For the last few years, designer Elizabeth Albert has made a short trek north to participate in Scottsdale Fashion Week, and last year, she won the People's Choice Designer of the Year award. Albert says the award was a great surprise, and shortly after her big win, she and a few other Tucson designer friends realized it was time to create Tucson's own fashion event. Tucson Fashion Week takes place Friday, Sept. 24, and Saturday, Sept. 25, on a lot behind Skrappy's Youth Collective at 191 E. Toole Ave. The cost is $25 and includes the Skrappy's Youth Showcase on Sept. 24. For more info, go to tucsonfashionweek.net. For more on Albert's clothing line, Siobhan, visit www.siobhanclothing.etsy.com.
Are you from Tucson?
I was born and raised in Tucson. My family was from New York, and everyone relocated to Arizona. ... I grew up in Tucson, and I think I had the same (thought that) everybody has: "I have got to get out of here." When I hit about 28, I decided, "No, I'm going to stick around." At that point, I had been designing for about four years, and I felt that there's nothing here. ... Then myself and a group of friends started doing fashion shows downtown, and then flash forward two to three years, and everybody is doing fashion shows, and suddenly there's this small but budding market. I don't have to move.
What do you hope to accomplish with Tucson Fashion Week?
What we're trying to do is take the fashion shows we've been doing to that next level and organize a fashion community. One of the problems I see is that we're not a collective; everybody is doing their own thing. There is power in numbers. I've done Scottsdale Fashion Week, and I frequent Scottsdale and Phoenix a lot, and I was watching the way they do things up there. It is very different from what we are trying to create down here. If we do this down here, we realized, we need to highlight mostly local boutiques and designers.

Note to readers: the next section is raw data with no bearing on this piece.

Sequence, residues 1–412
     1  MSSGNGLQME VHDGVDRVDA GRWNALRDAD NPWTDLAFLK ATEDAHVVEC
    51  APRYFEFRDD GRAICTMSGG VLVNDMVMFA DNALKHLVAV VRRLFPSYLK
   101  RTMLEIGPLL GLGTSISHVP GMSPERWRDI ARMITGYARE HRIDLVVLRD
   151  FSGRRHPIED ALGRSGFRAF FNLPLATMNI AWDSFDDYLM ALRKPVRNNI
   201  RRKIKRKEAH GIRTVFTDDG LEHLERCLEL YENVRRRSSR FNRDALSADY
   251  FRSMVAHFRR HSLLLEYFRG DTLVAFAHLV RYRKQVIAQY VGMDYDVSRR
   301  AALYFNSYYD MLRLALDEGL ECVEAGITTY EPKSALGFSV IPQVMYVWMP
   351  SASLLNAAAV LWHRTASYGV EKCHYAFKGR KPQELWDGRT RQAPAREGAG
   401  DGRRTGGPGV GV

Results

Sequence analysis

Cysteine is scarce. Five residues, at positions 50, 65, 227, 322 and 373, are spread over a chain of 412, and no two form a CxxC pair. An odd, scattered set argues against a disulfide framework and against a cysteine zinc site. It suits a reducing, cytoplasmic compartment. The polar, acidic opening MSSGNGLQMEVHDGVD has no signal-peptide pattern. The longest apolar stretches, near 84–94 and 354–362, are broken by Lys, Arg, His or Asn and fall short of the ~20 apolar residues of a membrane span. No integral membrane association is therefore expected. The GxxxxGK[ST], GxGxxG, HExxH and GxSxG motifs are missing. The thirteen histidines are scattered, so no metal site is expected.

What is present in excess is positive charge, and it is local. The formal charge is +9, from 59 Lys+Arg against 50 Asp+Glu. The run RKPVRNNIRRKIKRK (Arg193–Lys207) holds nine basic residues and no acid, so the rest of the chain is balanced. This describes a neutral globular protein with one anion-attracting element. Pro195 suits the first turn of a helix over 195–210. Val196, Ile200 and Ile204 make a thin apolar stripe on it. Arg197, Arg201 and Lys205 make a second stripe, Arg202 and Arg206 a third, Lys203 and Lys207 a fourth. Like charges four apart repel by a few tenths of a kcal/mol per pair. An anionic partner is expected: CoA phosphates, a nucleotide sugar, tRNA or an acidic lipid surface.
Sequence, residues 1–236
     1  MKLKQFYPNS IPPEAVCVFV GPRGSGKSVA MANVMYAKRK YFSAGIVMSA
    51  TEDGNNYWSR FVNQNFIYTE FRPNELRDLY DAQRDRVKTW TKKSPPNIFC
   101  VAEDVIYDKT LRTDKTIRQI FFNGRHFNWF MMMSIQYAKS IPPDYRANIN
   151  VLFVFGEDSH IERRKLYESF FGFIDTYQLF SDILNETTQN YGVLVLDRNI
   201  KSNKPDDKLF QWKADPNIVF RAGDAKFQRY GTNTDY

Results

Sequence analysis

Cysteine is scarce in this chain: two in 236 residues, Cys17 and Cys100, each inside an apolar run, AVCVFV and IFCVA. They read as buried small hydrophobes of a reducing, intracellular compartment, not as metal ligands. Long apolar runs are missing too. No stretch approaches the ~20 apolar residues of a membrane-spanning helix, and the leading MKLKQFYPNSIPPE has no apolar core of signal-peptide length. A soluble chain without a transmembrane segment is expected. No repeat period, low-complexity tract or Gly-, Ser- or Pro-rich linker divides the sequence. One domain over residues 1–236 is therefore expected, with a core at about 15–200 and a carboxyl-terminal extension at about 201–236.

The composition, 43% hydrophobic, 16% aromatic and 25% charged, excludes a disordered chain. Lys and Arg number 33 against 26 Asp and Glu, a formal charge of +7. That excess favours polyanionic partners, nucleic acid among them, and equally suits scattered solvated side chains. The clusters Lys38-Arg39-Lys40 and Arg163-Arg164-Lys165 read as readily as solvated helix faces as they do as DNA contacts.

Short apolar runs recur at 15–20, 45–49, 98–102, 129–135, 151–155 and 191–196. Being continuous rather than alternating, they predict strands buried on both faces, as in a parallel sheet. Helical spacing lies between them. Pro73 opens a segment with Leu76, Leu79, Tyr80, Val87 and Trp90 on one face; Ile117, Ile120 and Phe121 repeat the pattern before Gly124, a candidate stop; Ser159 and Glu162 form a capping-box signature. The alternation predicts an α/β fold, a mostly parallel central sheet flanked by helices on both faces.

Well, that's a better fit for Tucson than a place like Scottsdale, don't you think?
My family likes to say that Tucson is Greenwich (Village), and Scottsdale is Upper Manhattan, and I was always like, "Well, I like Greenwich better, anyway." There are a lot of great local designers going up (to Scottsdale Fashion Week), but in the coming years, we want to open up that highway. It is kind of a layer cake of things that we're trying to do. We're trying to educate the public on who their designers are and the boutiques, and then help build community, and eventually bring in more money for those boutiques and designers.
Are there things in the planning stages that you still need to cross off your list?
No, not really. We've got some amazing, fabulous sponsors. We've formed the Tucson Fashion Week Collective. We have 30 people who are members; there are four officials, and really, we do most of the grunt work. You know, in Tucson, most people have to see it first before they say, "Yeah, I'm on board"—we're such a last-minute town. We have Skrappy's, and (Skrappy's director) Kathy Wooldridge has been phenomenal. The event benefits Skrappy's. We felt that in this day and age, these nonprofits aren't going to survive unless the community does something for them. We didn't want to have a foothills benefit.
What's the schedule?
Sept. 25 is the main event. It will be the biggest one, because that's the runway event. On Sept. 24, it's the Skrappy's Youth Showcase, because they have so many artists and designers down there, and the kids really want to show what they can offer. It's important to support them and give them something to work toward and be part of our community—or else we lose them to someone else.
Is the collective's plan to do this again next year?
I'm pretty confident it's going to grow after this; we do plan to do this again next year. The pool of designers we have, we were really surprised by the amount of submissions we got. Even being a local designer, a lot of them I knew, but I was really surprised who came out. I didn't know there were so many of us. I expect we will have more next year.